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A History of the Muslim World to 1405 The Making of a Civilization,9780130983893
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A History of the Muslim World to 1405 The Making of a Civilization

by
Edition:
1st
ISBN13:

9780130983893

ISBN10:
0130983896
Format:
Paperback
Pub. Date:
11/25/2003
Publisher(s):
Pearson

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Summary

This book is an introduction to the history of the Muslim world for readers with little or no knowledge of the subject. It points out the unifying elements that bind together the Muslim world, but stresses the religious and political differences that prevent them from acting as a unit.This book features economic, political, intellectual, and social developments over the wide area of the Muslim world and across many centuries.For readers interested in learning the history of the Muslim world; also, for employees of corporations and businesses that trade with regions ruled by Muslim-dominated governments.

Table of Contents

PREFACE xi
ACKNOWLEDGEMENTS xiii
NOTE ON TRANSLITERATION AND DATING xv
PART ONE The Formative Period 610-950 1(138)
1. ORIGINS
4(29)
Southwestern Asia in the Seventh Century
4(16)
The Byzantine Empire
5(6)
The Sasanian Empire
11(5)
The Arabian Peninsula
16(4)
The Rise of Islam
20(10)
The Meccan Environment
20(2)
Muhammad
22(5)
A Framework for a New Community
27(3)
Conclusion
30(1)
NOTES
31(1)
FURTHER READING
31(2)
2. ARAB IMPERIALISM
33(29)
Arab Conquests
33(11)
Arabia and the Fertile Crescent
34(4)
Iran
38(3)
North Africa and the Iberian Peninsula
41(2)
Central Asia and the Indus River Valley
43(1)
Umayyad Administration
44(10)
The Caliphate
45(2)
The Administration of Non-Muslims
47(2)
The Administration of Muslims
49(3)
The Rationalization of Society
52(2)
Dissolution of the Arab Empire
54(5)
Conclusion
59(1)
NOTES
60(1)
FURTHER READING
60(2)
3. THE DEVELOPMENT OF SECTARIANISM
62(23)
Ali and the Politics of Division
62(7)
Political Dissension
63(1)
Ali's Caliphate: Shi'ites and Kharijites
64(2)
Karbala
66(3)
The Abbasid Revott'fio
69(3)
Shi'ite Identities
72(8)
The Ghulat and the Zaydis
73(1)
The Husayni Alids
74(5)
The Shiite Movement
79(1)
The Sunni Consensus
80(3)
Conclusion
83(1)
FURTHER READING
84(1)
4. THE CENTER CANNOT HOLD: THREE CALIPHATES
85(30)
The Abbasid Caliphat
86(8)
The Early Period
86(3)
Military and Economic Problems
89(2)
The Assertion of Regional Autonomy
91(3)
The Fatimid Caliphate
94(4)
Isma'ili Activism
94(2)
A Second Caliphate in the Umma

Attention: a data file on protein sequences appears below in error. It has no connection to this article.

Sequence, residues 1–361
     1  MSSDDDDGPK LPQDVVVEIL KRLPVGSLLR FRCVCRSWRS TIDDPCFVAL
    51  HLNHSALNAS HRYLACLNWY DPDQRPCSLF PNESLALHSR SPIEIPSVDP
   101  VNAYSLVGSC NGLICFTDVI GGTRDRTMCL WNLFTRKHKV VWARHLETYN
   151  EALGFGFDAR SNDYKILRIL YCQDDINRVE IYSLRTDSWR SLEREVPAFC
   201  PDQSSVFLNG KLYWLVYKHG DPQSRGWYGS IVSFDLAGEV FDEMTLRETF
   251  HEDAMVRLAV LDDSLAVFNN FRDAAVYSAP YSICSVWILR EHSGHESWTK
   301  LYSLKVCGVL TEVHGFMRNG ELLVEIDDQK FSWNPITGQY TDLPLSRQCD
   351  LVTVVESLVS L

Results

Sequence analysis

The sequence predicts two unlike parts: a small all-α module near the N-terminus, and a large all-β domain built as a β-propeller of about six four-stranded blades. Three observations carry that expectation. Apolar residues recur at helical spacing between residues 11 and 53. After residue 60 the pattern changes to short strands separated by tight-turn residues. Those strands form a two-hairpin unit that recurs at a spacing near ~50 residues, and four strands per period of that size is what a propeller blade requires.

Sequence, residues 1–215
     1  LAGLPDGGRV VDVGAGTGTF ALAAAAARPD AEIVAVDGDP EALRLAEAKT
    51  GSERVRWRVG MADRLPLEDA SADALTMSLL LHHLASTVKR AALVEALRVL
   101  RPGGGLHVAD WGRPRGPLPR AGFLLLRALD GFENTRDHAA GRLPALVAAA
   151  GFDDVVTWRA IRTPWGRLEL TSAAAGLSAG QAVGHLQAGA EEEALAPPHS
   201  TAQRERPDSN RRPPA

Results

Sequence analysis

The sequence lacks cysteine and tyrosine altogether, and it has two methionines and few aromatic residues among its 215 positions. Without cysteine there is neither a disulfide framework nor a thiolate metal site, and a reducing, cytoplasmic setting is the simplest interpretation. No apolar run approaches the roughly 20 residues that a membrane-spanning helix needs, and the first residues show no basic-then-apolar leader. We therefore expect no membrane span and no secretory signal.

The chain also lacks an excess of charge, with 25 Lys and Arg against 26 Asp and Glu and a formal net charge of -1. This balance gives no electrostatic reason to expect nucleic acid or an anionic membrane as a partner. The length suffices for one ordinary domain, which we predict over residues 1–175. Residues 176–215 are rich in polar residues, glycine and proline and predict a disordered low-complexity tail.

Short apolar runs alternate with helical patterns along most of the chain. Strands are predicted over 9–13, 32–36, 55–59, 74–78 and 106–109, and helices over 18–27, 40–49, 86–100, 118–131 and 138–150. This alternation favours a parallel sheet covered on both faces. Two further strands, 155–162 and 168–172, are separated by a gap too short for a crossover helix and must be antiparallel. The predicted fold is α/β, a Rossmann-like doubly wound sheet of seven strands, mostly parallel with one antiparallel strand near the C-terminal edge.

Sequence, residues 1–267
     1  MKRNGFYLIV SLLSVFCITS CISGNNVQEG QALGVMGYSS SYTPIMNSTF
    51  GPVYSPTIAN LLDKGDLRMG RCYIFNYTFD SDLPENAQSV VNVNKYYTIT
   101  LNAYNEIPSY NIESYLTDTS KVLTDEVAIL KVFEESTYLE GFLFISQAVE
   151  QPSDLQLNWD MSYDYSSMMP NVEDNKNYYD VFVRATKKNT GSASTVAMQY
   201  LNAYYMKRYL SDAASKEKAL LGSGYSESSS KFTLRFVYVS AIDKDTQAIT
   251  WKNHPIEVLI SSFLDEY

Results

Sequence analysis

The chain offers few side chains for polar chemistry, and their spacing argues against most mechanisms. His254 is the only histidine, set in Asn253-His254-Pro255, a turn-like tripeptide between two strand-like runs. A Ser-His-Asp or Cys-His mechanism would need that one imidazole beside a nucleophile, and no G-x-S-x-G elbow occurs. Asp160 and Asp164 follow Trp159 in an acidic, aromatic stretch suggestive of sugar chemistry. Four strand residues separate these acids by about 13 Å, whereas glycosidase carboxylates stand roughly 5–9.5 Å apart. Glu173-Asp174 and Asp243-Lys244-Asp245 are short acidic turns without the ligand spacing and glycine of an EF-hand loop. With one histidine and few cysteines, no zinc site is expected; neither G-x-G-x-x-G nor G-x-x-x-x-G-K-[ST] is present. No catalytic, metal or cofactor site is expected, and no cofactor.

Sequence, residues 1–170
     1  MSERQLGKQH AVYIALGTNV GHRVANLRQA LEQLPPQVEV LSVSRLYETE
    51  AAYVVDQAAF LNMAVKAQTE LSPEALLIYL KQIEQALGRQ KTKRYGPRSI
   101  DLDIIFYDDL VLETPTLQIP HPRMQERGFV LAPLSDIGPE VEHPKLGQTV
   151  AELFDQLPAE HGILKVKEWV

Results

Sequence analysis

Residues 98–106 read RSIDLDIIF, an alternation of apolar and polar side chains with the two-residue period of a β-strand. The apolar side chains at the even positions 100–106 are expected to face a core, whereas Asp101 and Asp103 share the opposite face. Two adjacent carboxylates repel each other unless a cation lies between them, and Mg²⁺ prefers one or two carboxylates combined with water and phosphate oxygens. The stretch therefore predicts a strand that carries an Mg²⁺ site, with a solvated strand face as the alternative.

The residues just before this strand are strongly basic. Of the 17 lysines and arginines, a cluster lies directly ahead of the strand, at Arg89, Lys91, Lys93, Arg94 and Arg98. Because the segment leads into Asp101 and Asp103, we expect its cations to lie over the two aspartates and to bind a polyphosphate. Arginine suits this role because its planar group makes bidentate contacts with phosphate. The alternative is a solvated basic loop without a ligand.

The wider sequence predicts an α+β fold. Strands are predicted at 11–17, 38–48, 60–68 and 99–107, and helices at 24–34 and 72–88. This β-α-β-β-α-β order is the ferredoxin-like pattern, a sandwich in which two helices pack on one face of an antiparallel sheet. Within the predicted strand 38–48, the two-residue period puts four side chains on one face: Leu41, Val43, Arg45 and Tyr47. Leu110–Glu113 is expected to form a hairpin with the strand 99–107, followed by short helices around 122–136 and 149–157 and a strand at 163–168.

96(2)
The Umayyad Caliphate of Cordoba
98(6)
The Consolidation of Umayyad Power
99(3)
A Third Caliphate in the Umma
102(2)
Economic Networks
104(7)
A Single Economy
104(1)
Overland Trade
105(4)
Maritime Commerce
109(2)
Conclusion
111(1)
NOTES
112(1)
FURTHER READING
112(3)
5. SYNTHESIS AND CREATIVITY
The Origins Islamic Law
115(8)
Assimilation and Adaptation
115(1)
Groping Toward an Islamic Jurisprudence
116(1)
The Development of the Sharia
117(6)
Early Sufism
123(4)
The Contemplative Life
123(2)
Testing the Limits of Transcendence
125(2)
The Accommodation of Sufism
127(1)
The Reception of Science and Philosophy
127(6)
Science ("Natural Philosophy")
128(2)
Philosophy
130(3)
The Development of an Islamic Theology
133(4)
The Reception of Rationalism
133(2)
The Critique of Rationalism
135(2)
Conclusion
137(1)
NOTES
138(1)
FURTHER READING
138(1)
PART TWO A Civilization Under Siege, 950-1260 139(118)
6. FILLING THE VACUUM OF POWER, 950-1100
142(30)
The Buyid Sultanate
142(3)
The Advent of the Turks
145(9)
Origins
145(3)
The Saljuq Invasion
148(3)
The Great Saljugs and the Saljugs of Rum
151(3)
The Fatimid Empire
154(6)
The Conquest of Egypt and Palestine
154(2)
Religious Policies
156(2)
The New Egyptian Economy
158(1)
Ominous Developments
159(1)
The Nizaris ("Assassins")
160(2)
The Muslim West
162(7)
Norman Invasions of Muslim Territory
162(1)
The "Hilali Invasion" of Ifriqiya
163(2)
A Berber Empire
165(1)
The Collapse of the Umayyad Caliphate of Andalus
166(2)
The Incorporation of Andalus into the Maghrib
168(1)
Conclusion
169(1)
FURTHER READING
170(2)
7. BARBARIANS AT THE GATES, 1100-1260
172(27)
The Period of the Crusades
172(10)
The First Crusade
173(5)
The Franks on the Defensive
178(4)
The Loss of Andalus
182(6)
Provisional Solutions: The Great Berber Empires
182(4)
The Disintegration of the Almohads and of Andalus
186(2)
Realignment in the East
188(9)
The Collapse of the Great Saljugs
190(2)
Sunni-Nizari Rapprochement
192(2)
The Mongol Campaigns
194(3)
Conclusion
197(1)
FURTHER READING
198(1)
8. THE CONSOLIDATION OF TRADITIONS
199(30)
Science and Philosophy
199(6)
Mathematics and the Natural Sciences
200(1)
Philosophy
201(3)
The Sunni Resolution to the Tension between Reason and Revelation
204(1)
Consolidating Institutions: Sufism
205(9)
The Emergence of Lodges and Tarigas
206(3)
Speculative Mysticism
209(5)
Consolidation Institutions: Shi'ism
214(5)
Twelver Shi'ites
214(1)
The Isma'ilis
215(2)
The Impact of "the Foreign Sciences" and Jurisprudence
217(2)
The Transmission of Knowledge
219(5)
Schools
219(4)
The Legacy to Europe
223(1)
ENGLISH WORDS DERIVED FROM ARABIC
224(2)
Conclusion
226(1)
NOTES
227(1)
FURTHER READING